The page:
Melbourne Blogback: The Covid Chronicles

EPISODE THIRTEEN – JIG-SORE 🙁

By Lucy Schmidt

When we first went into lockdown in… I can’t even remember the date, now – but t’was many moons ago, the Doc and I started a (mentioned in previous blogs) very tricky jigsaw. There were basically three colours. Snow. Sky. And tree. We could only work on it in the weekends as it was safely hidden under a tablecloth, covered in books and computers, in a nifty home/office set-up, during the week. The pieces were tiny, as was the picture on the box – hence the need to wear our 1.5 magnifying specs (ah, the joys of ageing). These thousand awkward pieces seemed to represent the task of the nation or at least the state of Victoria (and particularly the dwellers of our small apartment), to link together, figuratively – social distancing and all that, to create the big picture. We fooled ourselves into thinking that there was a direct link between this puzzle of ‘Boreal Forrest in Snow’ and the length of the lockdown. In other words – if we could just finish the f*@king thing then we would be free again and liberate the city to boot!

Each weekend we would excitedly pack down the home office to expose our real work. I am proud to say the toil was always collaborative, never competitive (well maybe there was a little race to fill a particularly stubborn hole, occasionally).

We developed a language of our own, similar, I imagine to other jigsaw families out there. It was not at all out of the question to ask, in all seriousness, if one or other had seen a cinch-waisted, big head, dip toe?

We mainly worked in shifts – in between watching ‘RuPaul’s Drag Race’ on Stan (a pandemic must see, if you haven’t). A triumphant tap of a piece in place followed by a resounding ‘YUSS’, signified success. Toward the end, it was not uncommon for one of us to rush down the stairs to see exactly which empty space had been satisfyingly plugged and ooh and ah over the success. Celebrate the small wins they say, and so we did.

There was also a fair amount of stress that, as the puzzle was second hand, perhaps the set was incomplete. We imagined how rough this would make us feel. And, as pieces found homes, and the picture began to form, this stress became a genuine concern. There were a couple of places that we could not find the perfect match for love nor money. There were also times when we had to undo a near perfect match that had stuffed up a whole section. I’m not going to lie, this was an intricate job and we were rookies at it. We learnt a lot. A tip for first timers – check the floor religiously! Random escapees often need to be caught and returned to puzzle prison.

The weekend of September 13th we finally finished it. Every, single, piece found its home. It was done!!! Complete!! …Just in time to get another two weeks on our already long lock-down sentence. To say it was anti-climactic is too much. It was worse. There was just an emptiness. Had we failed, or succeeded?

I guess the lesson is to invest in the journey, and sometimes the big picture does not provide the big picture. But we sure were jig-sore. We walked Merri Creek with a lack of pep in our step, with no jigsaw to rush home to. BUT… As we returned we saw a new batch of books on our apartments building’s very cool, bring-a-book-leave-a-book-library set up. As we browsed, what should we see? Could it be? Another 1000 pc jigsaw. What a find! So! We are now the proud puzzlers of ‘Sumo and Bobo’ a very seventies looking picture of two baby orangutans. There are three colours. Green, Brown and Orangutan! Maybe this time, folks. Maybe this time!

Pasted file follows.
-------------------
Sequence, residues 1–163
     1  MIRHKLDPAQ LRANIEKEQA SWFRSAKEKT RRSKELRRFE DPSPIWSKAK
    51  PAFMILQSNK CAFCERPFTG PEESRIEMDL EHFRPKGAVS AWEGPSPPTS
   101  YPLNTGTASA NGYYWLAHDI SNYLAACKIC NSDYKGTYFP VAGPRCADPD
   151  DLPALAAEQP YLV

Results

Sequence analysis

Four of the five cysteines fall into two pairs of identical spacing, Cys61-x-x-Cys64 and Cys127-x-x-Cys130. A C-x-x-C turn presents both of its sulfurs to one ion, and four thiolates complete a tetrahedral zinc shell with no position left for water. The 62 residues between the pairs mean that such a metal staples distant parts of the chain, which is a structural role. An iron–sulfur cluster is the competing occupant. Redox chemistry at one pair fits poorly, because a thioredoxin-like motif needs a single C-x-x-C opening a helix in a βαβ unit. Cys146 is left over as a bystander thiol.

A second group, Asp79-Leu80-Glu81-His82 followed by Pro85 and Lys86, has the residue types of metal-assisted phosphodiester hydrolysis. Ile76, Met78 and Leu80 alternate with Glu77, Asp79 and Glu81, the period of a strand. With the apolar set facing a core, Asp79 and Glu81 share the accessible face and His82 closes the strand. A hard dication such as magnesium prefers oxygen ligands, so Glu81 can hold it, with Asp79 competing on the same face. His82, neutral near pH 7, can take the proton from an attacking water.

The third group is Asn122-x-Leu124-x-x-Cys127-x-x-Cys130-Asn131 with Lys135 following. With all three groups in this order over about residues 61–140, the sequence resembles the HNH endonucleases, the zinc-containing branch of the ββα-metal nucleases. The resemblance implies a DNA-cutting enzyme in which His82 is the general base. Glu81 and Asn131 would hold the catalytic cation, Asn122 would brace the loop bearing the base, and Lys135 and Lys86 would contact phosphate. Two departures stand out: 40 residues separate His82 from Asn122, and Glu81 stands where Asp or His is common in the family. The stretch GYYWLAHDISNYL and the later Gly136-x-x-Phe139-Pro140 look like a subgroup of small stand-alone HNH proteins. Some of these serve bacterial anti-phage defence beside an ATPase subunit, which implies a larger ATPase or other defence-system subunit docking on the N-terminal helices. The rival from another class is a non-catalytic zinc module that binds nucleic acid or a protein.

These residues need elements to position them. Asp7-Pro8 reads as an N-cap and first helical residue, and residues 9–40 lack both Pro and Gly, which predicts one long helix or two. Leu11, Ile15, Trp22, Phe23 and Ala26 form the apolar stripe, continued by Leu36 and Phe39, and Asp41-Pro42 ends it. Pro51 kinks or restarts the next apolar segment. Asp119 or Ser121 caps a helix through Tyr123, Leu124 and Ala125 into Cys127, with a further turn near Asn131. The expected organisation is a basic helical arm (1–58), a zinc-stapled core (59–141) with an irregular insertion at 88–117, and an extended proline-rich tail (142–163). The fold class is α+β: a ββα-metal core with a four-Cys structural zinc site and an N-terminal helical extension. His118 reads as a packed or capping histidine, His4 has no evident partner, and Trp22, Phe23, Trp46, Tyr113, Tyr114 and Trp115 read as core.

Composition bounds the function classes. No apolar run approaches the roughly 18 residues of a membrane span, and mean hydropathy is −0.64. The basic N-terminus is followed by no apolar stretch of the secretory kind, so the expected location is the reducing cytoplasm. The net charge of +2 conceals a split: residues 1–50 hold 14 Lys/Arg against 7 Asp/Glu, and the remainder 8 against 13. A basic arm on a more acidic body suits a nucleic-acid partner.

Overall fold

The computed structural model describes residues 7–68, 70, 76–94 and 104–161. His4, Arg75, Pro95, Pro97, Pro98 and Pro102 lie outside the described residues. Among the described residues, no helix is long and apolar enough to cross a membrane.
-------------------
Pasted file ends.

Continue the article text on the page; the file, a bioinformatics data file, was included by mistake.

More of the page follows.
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Melbourne Blogback: The Covid Chronicles

EPISODE #12 – UP CLOSE AND PERSONAL WITH THE GANG #8

By Lucy Schmidt

This week’s gang member is our fair and benevolent leader – Artistic Director, Rachael Dubois. Rach (and Alex) were the first Playback faces I ever saw. I remember thinking, these two look extremely fit, young and healthy – I may not be able to keep up with them! My first ever Playback gig was also with Rach. I was quite nervous and felt very lucky to be in such talented and experienced hands.

She reminds me a bit of New Zealand Prime Minister, Jacinda Ardern (incidentally, Rach and I are both Kiwis). She is incredibly dedicated, listens attentively, has enough confidence to defer to experts, does not get in a flap easily and seems to naturally lead in a democratic, inclusive way – all the while raising a very cute and super funny daughter.

True story – Rach is so dedicated to Playback, she was in an audition workshop when her waters broke with Zoe!

In contrast to her sure and dependable leadership, Rach can be wickedly mischievous and is great fun to be on stage with. Her improvisational skills are off the hook. She is one of the best scene shapers in the company and her character work is enchanting. In my four-ish years, I have seen Rach play the gamut, but in particular a romance obsessed Frenchman and a regal queen of nature were so well drawn, I recall them wearing costume (impossible as we dress in blacks for shows).

Under Rachael’s tutelage as A.D, MPTC has grown in many ways; notably, we are encouraged to push our own boundaries and feel free to explore without constraint. Thanks Rach!

1 – Was there a defining moment that spurred your interest in performing?

Probably the school play I was part of in 5th form (Year 11). We wrote a play about a flock of sheep who discovered they were controlled by the farmer and destined for slaughter. My character ‘Romney’ decided to escape, not knowing what life would be like on the other side of the fence. I think the experience of imagining life from the perspective of a sheep did it for me! It was so strange and liberating. I also enjoyed being part of the story making process, finding a way to free this trapped character I was playing.